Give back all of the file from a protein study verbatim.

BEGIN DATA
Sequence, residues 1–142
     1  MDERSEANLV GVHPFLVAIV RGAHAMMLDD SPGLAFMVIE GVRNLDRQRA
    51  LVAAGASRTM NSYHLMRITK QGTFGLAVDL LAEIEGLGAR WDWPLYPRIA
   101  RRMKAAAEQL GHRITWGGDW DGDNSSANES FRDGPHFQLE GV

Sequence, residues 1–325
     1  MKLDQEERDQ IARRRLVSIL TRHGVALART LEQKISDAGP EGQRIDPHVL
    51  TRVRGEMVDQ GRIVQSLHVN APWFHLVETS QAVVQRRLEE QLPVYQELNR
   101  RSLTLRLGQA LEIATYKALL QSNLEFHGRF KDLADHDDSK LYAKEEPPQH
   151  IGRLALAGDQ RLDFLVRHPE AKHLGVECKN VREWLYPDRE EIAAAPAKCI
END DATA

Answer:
Sequence, residues 1–142
     1  MDERSEANLV GVHPFLVAIV RGAHAMMLDD SPGLAFMVIE GVRNLDRQRA
    51  LVAAGASRTM NSYHLMRITK QGTFGLAVDL LAEIEGLGAR WDWPLYPRIA
   101  RRMKAAAEQL GHRITWGGDW DGDNSSANES FRDGPHFQLE GV

Sequence, residues 1–325
     1  MKLDQEERDQ IARRRLVSIL TRHGVALART LEQKISDAGP EGQRIDPHVL
    51  TRVRGEMVDQ GRIVQSLHVN APWFHLVETS QAVVQRRLEE QLPVYQELNR
   101  RSLTLRLGQA LEIATYKALL QSNLEFHGRF KDLADHDDSK LYAKEEPPQH
   151  IGRLALAGDQ RLDFLVRHPE AKHLGVECKN VREWLYPDRE EIAAAPAKCI